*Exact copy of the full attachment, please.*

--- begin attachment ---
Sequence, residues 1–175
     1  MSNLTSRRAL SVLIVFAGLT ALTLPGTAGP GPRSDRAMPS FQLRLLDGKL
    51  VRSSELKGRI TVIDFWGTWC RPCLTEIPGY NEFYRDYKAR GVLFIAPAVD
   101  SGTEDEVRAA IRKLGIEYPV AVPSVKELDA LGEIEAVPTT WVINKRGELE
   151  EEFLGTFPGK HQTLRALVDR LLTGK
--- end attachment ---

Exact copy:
Sequence, residues 1–175
     1  MSNLTSRRAL SVLIVFAGLT ALTLPGTAGP GPRSDRAMPS FQLRLLDGKL
    51  VRSSELKGRI TVIDFWGTWC RPCLTEIPGY NEFYRDYKAR GVLFIAPAVD
   101  SGTEDEVRAA IRKLGIEYPV AVPSVKELDA LGEIEAVPTT WVINKRGELE
   151  EEFLGTFPGK HQTLRALVDR LLTGK